If you're looking for a projector and don't mind shelling out a good amount for one, then you might wish to consider the Mitsubishi WD500U-ST, which sports a seriously wide angle and has a significantly short throw.
This is an especially beneficial model for those working in a classroom or small office space, as it requires a very short distance between the projector and the screen. In fact, it only requires 28-inches in space from the projector and the screen to produce an image 50-inches in size.
This projector sports a brightness of 2100 lumens, a 16:10 aspect ratio and a 1280 x 800 resolution. You can expect to pay $1,695 for the Mitsubishi WD500U-ST, however, which is a significant chunk of change for most people. Though for a business, this probably won't be so bad.
Mitsubishi has announced its latest DLP projector, a Pico-portable XD95U with quick cooling and filter-free designs for presenters on the go. Make no mistake; the Mitsubishi Pico-portable projector is not related to the palm-sized mobile Pico chipset projector built for handheld devices as we accustomed to, it is just another business class portable projector happens to carry the name of Pico.
Cellphones have dominated our week here at SlashGear, with a number of much-anticipated handsets finally showing up for some play. We've reviewed HTC's Touch Pro and unboxed the RIM BlackBerry Bold, but perhaps the most exciting arrival was the HTC Touch HD. Check out the unboxing and hands-on video; hopefully they'll tide you over until the full SlashGear review this coming week.
The 65-inch Mitsubishi LASERVUE Rear Projection TV has been receiving great deal of attentions since its announcement in early April. It’s not only the first laser powered HDTV but also capable of displaying wider color gamut- with twice the HDTV color space, 3D-ready viewing technology, contrasty and colorful images with performance equivalent or better of Kuro TV- all at one third of power consumption with comparable models.
Mitsubishi have been showing off their new HDTV, the LaserVue L65-A90, a 65-inch set with power demands of just 135W - that's on average one-third the power of an LCD the same size and one-fourth of a plasma. The Tech Lounge pulled up a chair to check out the two sets on offer: one being compared to an LCD screen, the other set up for 3D viewing.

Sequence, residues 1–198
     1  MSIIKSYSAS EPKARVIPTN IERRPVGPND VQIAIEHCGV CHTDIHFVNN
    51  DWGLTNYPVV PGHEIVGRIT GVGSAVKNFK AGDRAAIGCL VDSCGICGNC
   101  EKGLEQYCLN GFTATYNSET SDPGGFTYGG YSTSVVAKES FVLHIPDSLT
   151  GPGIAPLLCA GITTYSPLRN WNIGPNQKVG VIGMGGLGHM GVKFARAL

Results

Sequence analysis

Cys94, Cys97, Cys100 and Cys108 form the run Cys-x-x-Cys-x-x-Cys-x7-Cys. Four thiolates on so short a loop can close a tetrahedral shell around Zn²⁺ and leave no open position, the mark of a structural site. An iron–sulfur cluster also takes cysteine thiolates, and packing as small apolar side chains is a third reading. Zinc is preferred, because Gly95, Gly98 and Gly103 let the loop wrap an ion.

It seems like we've been covering a lot of projectors here on SlashGear lately, but they are in hot demand right now and it's important to know all that's out there, right? The Mitsubishi FL6900U was just announced and it is certainly noteworthy.
The new Mitsubishi commercial and education projector is a great candidate for a pub. It’s quiet, bright and only weights about 21lb. I would consider it rather light for a commercial size projector. The native full 1080P projector uses 3x 1.1-inch LCD durable inorganic panels and can pump out 4000 lumens with estimated lamp life up to 4000 hours. The beam is capable of throwing 60-inch to 250-inch of HD pictures.
More laptops, netbooks and mobile workstations than you could shake the proverbial stick at this week, with fresh offerings (and more than a few rumors) from many of the big companies. HP took the wraps off of three mobile workstations, complete with an amazing 17-inch DreamColor option, while Dell and Lenovo both had a version of their own. Dell went for pure specs, with a maximum 16GB of RAM in their Precision, while Lenovo took a more offbeat view and added a digitizer panel in their W700's palmrest.
A little more compact, Dell launched their fourth generation Latitude E-series models, and SlashGear was in San Francisco to bring you live images. Dell's attempt for the headlines included 19hr battery life (on one particular model) and Instant On functionality. All well and good, but Gateway perhaps just eases ahead in the bargain stakes with their new P-7811FX Centrino 2 gaming notebook.
When it comes to appearance, you can either go with a distinctive frame (such as Samsung's recent 'Touch of Color' sets) or one that attempts to slim down to the point of invisibility. The LT-46148 goes with the latter route, and is all the better for it; there's a mere 3/4-inch at the top and down the sides, while the bottom bulges to 3-inches thanks to the speakers. Anybody expecting similarly waif-like depth will be surprised, though: at just under 5-inches (excluding the base) the LT-46148 is far from being the thinnest HDTV. Plastics are gloss-black and seem high quality, with no noticeable flex or creak when rotating the Mitsubishi on its swivel stand. You can twist the set a full sixty degrees (30 off center in each direction).